22. The tissue treatment product of claim 21, wherein the metal-binding protein has antimicrobial properties.

23. The tissue treatment product of claim 21, wherein the metal-binding protein comprises lysostaphin.

24. The tissue treatment product of claim 21, wherein the metal-binding protein comprises at least one matrix metalloproteinase.

25. The tissue treatment product of claim 24, wherein the matrix metalloproteinase comprises a collagenase, gelatinase, stromolysin, matrilysin, or elastase.

26. The tissue treatment product of claim 1, wherein the tissue treatment product comprises a porous material covalently bound to IDA and functionalized with zinc and lysostaphin.

27. A kit comprising the tissue treatment product of claim 1 and instructions for using the kit.

28. The kit of claim 27, wherein the kit is packaged under aseptic or sterile conditions.

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Claim Tree

  • 1
    1. A tissue treatment product for inhibiting growth of S. aureus comprising:
    • a porous material comprising a natural or artificial scaffold, wherein the porous material comprises at least one of an extracellular matrix of a partially decellularized tissue, an extracellular matrix of a completely decellularized tissue, and a porous synthetic scaffold material, wherein the extracellular matrix of a partially or completely decellularized tissue is selected from at least one of human, nonhuman primate, pig, cow, horse, goat, sheep, dog, cat, rabbit, guinea pig, gerbil, hamster, rat, and mouse tissue
    • at least one chelating agent selected from the group consisting of iminodiacetic acid (IDA), nitrilotriacetic acid (NTA), ethylenediaminetetraacetic acid (EDTA), or diethylenetriaminepentaacetic acid (DTPA) covalently bound to the porous material
    • and zinc bound to the chelating agent(s) on the tissue treatment product.
    • 2. The tissue treatment product of claim 1, wherein
      • the tissue treatment product comprises
    • 3. The tissue treatment product of claim 1, wherein
      • the tissue treatment product comprises
    • 4. The tissue treatment product of claim 1, wherein
      • the tissue treatment product comprises
    • 5. The tissue treatment product of claim 1, wherein
      • the extracellular matrix is partially or completely decellularized pig tissue.
    • 6. The tissue treatment product of claim 1, wherein
      • the tissue treatment product comprises
    • 7. The tissue treatment product of claim 1, wherein
      • the tissue treatment product comprises
    • 8. The tissue treatment product of claim 1, wherein
      • the tissue treatment product lacks substantially all alpha-galactose moieties.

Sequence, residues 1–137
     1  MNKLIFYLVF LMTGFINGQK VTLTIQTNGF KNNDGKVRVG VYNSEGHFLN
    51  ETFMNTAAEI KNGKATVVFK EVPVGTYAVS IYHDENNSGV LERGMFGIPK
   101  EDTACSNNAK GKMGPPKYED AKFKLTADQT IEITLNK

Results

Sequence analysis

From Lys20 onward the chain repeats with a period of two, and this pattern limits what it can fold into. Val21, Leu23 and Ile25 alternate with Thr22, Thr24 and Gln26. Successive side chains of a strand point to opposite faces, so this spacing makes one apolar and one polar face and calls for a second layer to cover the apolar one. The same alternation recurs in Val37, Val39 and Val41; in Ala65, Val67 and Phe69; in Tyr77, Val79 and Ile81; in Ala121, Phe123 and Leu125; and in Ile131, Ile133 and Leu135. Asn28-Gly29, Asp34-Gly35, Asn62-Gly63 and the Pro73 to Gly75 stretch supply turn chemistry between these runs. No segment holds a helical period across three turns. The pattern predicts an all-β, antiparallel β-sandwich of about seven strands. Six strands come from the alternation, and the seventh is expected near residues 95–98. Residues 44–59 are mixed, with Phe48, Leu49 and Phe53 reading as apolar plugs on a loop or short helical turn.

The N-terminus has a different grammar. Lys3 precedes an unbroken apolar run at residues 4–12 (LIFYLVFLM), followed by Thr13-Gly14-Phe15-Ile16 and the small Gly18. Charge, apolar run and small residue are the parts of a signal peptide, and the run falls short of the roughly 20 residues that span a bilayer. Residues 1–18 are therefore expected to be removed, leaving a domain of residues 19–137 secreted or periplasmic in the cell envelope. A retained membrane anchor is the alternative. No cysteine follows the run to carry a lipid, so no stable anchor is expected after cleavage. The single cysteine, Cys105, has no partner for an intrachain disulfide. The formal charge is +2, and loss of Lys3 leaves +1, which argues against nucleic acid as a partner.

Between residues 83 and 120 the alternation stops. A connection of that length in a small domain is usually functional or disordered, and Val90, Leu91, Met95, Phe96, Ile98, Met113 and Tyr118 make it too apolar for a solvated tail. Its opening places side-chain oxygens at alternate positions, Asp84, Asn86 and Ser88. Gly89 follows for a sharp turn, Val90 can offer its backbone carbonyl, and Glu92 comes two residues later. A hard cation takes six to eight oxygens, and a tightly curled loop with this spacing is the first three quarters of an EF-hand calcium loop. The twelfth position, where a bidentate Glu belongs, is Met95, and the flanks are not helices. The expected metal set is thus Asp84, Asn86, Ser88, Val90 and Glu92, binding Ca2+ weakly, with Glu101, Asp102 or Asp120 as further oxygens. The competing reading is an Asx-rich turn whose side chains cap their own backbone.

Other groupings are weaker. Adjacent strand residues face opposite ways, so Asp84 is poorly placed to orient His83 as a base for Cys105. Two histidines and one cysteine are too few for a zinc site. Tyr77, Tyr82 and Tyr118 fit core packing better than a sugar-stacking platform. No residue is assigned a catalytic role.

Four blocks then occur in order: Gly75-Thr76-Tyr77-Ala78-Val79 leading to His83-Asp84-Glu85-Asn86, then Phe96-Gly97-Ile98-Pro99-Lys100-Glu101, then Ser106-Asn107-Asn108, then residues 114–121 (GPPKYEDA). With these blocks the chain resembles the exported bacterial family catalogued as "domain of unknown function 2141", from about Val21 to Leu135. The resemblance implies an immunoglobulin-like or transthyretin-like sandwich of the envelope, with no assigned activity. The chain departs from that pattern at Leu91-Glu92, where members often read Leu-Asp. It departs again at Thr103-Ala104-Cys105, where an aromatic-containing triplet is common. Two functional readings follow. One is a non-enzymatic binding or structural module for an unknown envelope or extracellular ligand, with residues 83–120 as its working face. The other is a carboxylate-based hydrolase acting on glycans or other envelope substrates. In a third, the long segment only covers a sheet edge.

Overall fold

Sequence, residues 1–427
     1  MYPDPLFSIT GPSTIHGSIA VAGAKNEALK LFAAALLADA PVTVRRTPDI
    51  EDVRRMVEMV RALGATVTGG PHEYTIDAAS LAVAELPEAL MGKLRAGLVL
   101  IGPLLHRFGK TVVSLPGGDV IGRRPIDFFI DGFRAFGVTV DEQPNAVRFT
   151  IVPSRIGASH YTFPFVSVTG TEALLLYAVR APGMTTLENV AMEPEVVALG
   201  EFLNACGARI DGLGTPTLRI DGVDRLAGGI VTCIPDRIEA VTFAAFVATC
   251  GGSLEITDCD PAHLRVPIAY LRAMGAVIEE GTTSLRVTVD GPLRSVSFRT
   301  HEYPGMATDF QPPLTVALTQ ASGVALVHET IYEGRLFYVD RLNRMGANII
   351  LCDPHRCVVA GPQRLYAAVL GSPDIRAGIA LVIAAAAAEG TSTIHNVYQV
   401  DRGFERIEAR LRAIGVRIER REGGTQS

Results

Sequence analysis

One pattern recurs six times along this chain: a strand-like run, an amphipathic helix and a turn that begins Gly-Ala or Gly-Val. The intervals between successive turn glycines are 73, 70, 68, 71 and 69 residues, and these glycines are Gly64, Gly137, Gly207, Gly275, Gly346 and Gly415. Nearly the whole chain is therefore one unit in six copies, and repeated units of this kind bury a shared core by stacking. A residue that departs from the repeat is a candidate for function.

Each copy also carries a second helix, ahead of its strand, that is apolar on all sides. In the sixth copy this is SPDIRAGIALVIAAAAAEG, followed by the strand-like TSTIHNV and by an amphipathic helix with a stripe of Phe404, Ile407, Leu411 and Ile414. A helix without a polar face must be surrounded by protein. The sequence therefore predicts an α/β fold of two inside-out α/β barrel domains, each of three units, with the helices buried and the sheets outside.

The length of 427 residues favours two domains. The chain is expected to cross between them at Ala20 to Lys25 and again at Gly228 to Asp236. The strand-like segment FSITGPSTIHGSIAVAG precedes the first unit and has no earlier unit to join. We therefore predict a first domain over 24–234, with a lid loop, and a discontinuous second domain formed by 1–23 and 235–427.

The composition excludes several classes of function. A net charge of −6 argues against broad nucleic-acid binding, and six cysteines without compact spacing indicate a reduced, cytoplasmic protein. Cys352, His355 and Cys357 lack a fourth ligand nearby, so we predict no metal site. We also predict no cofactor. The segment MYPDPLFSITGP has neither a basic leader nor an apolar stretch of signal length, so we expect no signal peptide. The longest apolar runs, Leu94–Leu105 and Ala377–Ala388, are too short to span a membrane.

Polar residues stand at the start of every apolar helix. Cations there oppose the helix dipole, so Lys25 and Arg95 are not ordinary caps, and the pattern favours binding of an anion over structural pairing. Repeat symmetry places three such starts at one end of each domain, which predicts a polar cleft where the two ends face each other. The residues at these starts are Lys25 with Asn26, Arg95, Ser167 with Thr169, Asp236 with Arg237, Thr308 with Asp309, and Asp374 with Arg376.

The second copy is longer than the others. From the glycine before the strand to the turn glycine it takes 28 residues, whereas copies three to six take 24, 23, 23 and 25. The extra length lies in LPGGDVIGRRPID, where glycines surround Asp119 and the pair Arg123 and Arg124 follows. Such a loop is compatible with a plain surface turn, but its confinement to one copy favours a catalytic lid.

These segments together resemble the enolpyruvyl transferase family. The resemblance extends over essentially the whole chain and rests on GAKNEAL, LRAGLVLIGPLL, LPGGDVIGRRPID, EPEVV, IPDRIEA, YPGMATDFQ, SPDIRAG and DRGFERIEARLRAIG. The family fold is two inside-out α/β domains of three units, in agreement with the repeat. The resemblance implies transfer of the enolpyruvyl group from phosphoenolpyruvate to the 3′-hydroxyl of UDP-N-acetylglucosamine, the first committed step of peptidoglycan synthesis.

• 9. The tissue treatment product of claim 1, further comprising
      • one or more viable cells.
    • 12. The tissue treatment product of claim 1, further comprising
      • at least one factor selected from an anti-inflammatory agent, an analgesic, a cell growth factor, an angiogenic factor, a differentiation factor, a cytokine, a hormone, and a chemokine.
    • 15. The tissue treatment product of claim 1, wherein
      • the tissue treatment product has a reduced bioburden or substantially lacks all bioburden.
    • 16. The tissue treatment product of claim 1, wherein
      • the at least one chelating agent is covalently bound to free amine, thiol, or hydroxyl groups on the porous material in the tissue treatment product.
    • 17. The tissue treatment product of claim 1, wherein
      • the at least one chelating agent is covalently bound to the porous material in the tissue treatment product via an activating agent.
    • 19. The tissue treatment product of claim 1, wherein
      • the chelating agent comprises
    • 20. The tissue treatment product of claim 1, further comprising
      • at least one metal in addition to zinc.
    • 21. The tissue treatment product of claim 1, wherein
      • the tissue treatment product is further functionalized with at least one metal-binding protein.
    • 26. The tissue treatment product of claim 1, wherein
      • the tissue treatment product comprises
  • 18
    18. The method of claim 17, wherein
    • the activating agent is N-hydroxysulfosuccinimide (NHS), suberic acid bis(N-hydroxysuccinimide ester), 1,4-butanediol diglycidyl ether, epibromohydrin, or 1,2,7,8-diepoxyoctane.
  • 27
    27. A kit comprising
    • the tissue treatment product of claim 1 and instructions for using the kit.
    • 28. The kit of claim 27, wherein
      • the kit is packaged under aseptic or sterile conditions.
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Description

The present disclosure relates generally to methods of making and using tissue treatment products comprising a structural scaffold and chelating agents, which may be bound to metals and/or metal-binding proteins.

Various products are currently used to repair, regenerate, heal, or otherwise treat diseased or damaged tissues and organs. These products can include intact tissue grafts and/or partially or completely decellularized tissues. Such materials provide a collagen-rich scaffold into which native cells from surrounding cells can migrate and proliferate, thereby promoting or enhancing repair, regeneration, or treatment. Implantation of foreign materials, however, including foreign tissue materials, brings with it the potential to introduce undesirable microbial contamination to the implant site. Furthermore, although implanted materials can be coated in various bioactive substances to help promote or enhance tissue repair, regeneration or treatment, those bioactive substances may diffuse out of the implanted material, thereby reducing or eliminating their beneficial effects.